Making the case

At a strategic level, business leaders are alert to the need to operate flexible workforces. The challenges of an ageing population, younger workers demanding new ways of working and the need to attract top talent all feed into the trend. However, large organisations can struggle to formulate a business case for flexible working. Heather Greig-Smith asks why they should embrace change.

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The business world has come a long way in its journey to embracing flexibility. “There is now buy-in to the benefits at a strategic business level. Ten years ago there wasn’t that acceptance,” says Timewise Managing Director David Curtis.

Despite this willingness to consider flexibility, businesses struggle to justify it at the operational level. Faced with a tough economic environment, KPIs to meet and demands on their budgets, leaders find it impossible to commit to the major expense and upheaval they believe might be needed.

It doesn’t need to be that way. “The Holy Grail that everyone is searching for is the generic business case for flexible working, but it doesn’t exist,” says David. “Rather than being a big change management piece, companies should look at flexibility on a project by project basis. It is a tool they can add into the mix.”

David adds that it is far less onerous for businesses to consider flexible working as one of a number of tools available to them, and to ask themselves what they will lose by ignoring it in a particular scenario. “There’s a danger that if you can’t do everything you end up doing nothing,” he cautions.

Recruit the best

CBI Director for Employment and Skills Neil Carberry agrees it is important that companies take flexible steps if they are to compete. “As a business, you need to access the widest pool of skills and talent to maintain competitiveness,” he says. “It makes sense to take that wherever you can find it.”

Those who successfully adopt remote working techniques can employ them during transport strikes, snow storms and office moves. Flexibility also feeds into a positive brand for a business and creates an engaged and effective workforce. “Staff who are engaged will go the extra mile.”

Neil identifies strong leadership and line manager understanding of flexibility as being crucial to success. He also sees customer service businesses increasingly matching demand with flexible shifts. “If you’re running a 12 hour customer service operation it makes sense to slot people in at times they want to work.”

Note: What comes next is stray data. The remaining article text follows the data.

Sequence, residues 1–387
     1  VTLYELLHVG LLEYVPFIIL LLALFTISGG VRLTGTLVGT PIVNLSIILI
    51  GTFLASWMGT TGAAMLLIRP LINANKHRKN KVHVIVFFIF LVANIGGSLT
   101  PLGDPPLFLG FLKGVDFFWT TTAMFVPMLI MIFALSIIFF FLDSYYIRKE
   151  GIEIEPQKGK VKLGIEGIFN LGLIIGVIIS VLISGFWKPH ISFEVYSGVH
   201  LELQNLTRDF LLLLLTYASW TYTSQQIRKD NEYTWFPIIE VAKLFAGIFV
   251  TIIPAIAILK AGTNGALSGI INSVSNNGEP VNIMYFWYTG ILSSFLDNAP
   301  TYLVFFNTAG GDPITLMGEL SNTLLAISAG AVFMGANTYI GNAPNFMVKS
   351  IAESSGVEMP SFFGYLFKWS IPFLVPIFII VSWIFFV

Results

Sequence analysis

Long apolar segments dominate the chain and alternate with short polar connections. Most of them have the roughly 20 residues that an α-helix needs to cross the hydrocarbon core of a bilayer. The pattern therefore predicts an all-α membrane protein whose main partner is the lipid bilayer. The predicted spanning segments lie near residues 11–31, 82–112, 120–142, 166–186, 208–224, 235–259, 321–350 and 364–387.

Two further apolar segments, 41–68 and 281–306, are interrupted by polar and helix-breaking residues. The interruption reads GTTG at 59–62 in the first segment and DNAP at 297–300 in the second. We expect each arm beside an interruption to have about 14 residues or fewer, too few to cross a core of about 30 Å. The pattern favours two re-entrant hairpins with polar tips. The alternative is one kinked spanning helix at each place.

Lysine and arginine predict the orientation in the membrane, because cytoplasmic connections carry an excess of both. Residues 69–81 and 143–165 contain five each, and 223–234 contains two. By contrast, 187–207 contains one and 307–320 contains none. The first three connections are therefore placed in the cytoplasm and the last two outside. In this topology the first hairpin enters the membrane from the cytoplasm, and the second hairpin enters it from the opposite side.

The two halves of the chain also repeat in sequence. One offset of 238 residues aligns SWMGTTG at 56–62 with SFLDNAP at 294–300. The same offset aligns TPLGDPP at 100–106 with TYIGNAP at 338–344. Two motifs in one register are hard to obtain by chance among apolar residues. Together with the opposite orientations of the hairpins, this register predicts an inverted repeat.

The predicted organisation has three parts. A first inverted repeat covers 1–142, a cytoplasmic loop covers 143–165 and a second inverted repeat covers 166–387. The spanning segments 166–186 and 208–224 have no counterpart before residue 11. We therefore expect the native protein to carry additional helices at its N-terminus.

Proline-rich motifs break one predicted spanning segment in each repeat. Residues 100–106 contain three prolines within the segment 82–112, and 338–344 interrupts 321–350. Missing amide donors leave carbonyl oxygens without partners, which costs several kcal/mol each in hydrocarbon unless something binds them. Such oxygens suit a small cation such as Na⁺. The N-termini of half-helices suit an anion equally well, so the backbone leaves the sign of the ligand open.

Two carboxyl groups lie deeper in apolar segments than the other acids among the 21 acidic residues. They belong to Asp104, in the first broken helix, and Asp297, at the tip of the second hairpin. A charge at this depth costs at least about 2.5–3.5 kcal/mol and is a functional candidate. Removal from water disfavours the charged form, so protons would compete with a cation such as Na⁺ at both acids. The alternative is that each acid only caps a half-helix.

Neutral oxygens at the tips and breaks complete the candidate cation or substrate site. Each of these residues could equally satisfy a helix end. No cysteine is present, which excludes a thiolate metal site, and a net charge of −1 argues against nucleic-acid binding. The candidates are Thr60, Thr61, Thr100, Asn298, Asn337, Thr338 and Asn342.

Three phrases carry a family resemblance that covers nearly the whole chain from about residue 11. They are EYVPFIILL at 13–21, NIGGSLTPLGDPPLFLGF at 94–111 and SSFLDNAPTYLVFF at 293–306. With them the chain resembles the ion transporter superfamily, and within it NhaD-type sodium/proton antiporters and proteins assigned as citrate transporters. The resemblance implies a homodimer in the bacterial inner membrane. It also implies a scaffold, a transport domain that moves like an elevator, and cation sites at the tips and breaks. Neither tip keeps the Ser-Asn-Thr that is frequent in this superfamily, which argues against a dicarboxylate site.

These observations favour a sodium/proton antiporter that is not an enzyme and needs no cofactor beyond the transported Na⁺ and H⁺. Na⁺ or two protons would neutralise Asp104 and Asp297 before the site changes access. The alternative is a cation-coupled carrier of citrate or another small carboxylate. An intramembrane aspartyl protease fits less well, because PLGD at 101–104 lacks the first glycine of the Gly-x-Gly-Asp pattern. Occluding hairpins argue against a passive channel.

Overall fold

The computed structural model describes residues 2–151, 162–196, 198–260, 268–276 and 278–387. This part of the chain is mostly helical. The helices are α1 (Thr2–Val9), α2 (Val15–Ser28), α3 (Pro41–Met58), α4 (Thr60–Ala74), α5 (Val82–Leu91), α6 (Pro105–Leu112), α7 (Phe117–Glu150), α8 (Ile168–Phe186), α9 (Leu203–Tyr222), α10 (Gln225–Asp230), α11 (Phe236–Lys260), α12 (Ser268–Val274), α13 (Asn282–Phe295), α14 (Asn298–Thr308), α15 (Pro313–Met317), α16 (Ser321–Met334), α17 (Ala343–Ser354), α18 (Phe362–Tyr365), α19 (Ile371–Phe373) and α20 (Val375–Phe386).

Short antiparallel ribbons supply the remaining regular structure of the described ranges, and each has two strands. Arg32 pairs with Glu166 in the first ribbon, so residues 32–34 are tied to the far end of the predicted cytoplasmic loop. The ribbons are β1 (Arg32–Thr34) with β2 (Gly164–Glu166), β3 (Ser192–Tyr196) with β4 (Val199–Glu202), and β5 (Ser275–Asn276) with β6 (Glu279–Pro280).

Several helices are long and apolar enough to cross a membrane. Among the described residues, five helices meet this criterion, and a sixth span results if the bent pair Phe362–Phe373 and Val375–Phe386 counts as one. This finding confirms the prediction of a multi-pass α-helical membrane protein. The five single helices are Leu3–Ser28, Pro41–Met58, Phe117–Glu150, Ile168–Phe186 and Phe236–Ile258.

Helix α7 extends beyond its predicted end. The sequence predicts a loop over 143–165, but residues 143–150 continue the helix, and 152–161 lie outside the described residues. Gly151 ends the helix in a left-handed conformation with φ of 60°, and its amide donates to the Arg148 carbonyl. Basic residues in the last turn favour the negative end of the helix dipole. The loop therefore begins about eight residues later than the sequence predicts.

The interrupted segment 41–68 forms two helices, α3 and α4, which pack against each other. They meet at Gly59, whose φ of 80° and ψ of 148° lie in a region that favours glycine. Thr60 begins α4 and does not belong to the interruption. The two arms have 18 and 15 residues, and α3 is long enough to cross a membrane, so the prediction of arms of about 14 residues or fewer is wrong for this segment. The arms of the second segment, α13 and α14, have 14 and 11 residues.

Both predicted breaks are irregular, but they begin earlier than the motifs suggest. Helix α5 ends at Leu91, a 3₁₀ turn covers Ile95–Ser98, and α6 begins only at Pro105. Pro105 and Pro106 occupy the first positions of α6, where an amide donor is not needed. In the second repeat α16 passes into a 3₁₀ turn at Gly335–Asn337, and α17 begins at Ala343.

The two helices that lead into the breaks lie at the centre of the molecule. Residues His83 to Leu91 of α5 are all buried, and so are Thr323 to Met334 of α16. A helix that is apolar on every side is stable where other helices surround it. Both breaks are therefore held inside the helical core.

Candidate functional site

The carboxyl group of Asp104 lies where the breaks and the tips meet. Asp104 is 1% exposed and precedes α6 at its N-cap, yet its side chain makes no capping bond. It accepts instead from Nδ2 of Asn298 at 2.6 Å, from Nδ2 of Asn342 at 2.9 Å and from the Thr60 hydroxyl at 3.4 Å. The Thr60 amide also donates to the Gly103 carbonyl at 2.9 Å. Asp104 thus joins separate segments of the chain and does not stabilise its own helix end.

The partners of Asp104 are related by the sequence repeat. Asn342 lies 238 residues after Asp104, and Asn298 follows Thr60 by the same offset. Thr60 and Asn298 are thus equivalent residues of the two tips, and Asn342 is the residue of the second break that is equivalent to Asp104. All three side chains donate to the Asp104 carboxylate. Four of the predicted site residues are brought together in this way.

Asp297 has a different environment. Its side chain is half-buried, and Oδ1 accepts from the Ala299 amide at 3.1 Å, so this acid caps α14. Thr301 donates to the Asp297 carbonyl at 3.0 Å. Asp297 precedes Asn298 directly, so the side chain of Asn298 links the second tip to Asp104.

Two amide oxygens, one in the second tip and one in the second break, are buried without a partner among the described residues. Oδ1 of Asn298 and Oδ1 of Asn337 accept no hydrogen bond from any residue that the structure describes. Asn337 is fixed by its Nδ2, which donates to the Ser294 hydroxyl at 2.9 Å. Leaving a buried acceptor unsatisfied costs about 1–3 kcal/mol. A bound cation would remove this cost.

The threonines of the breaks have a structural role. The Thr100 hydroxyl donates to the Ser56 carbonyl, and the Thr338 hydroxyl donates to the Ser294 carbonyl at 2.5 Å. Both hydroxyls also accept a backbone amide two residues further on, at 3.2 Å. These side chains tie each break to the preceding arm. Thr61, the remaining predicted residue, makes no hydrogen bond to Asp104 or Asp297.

David Dunbar, General Manager of BT Flexible Working Services, agrees that cultural strength and staff engagement are extremely valuable for business and flexible working is the way to achieve it. “Flexible workers can respond to changing demands, can get products to market more quickly and adapt to change easily,” he says.

Property costs

Dunbar points out that when it comes to the business case for flexible working, companies often seize on the most tangible savings of property and infrastructure. An agile approach usually means 30-40% of the desks and space can be lost. “In very simple terms, you can save on space and reduce churn. However the business case is much more complex and much bigger than that.”

The benefits range from recruitment, engagement, productivity and culture, to disaster recovery and a firm’s carbon footprint. “If you have a workforce that is more agile, flexible and clear on their objectives, they can work more productively. It is a difficult thing to build into the business case but is probably the single biggest benefit. If you can get 20% more productivity from your workforce that puts any property savings in the shade.”

Case study: Northern Trust

For financial services business Northern Trust, the promotion of flexible working is a major differentiator in an industry that is famed for long hours and male dominated environments.

The company last year initiated a remote working pilot programme to enhance employee engagement, one of its top three global priorities. Four business departments took part in the trial and the concept is now being rolled out to other areas.

Pamela Hutchinson is Chief Diversity and Inclusion Officer EMEA & APAC. “At the start of the pilot there was 82% positive engagement for the initiative. By the end it was 92%,” she says. “Even the employees who were not taking part supported it and managers did not see any adverse impact on team performance.”

“Flexibility is something we have always been hugely proud of,” she says. “We want our employees to feel engaged.”

In the last year, the business approved 90% of flexible working requests. A third of those working flexibly are men, and 10% are senior. Hutchinson says a pro-flexible approach increases engagement, loyalty and staff retention. “We also have more women working here,” she adds.

Technology has played its part. “Younger people coming into the company want to work differently. You have to move with the times if you want to recruit talent.”

Heather Greig-Smith is a journalist writing about flexible working issues.
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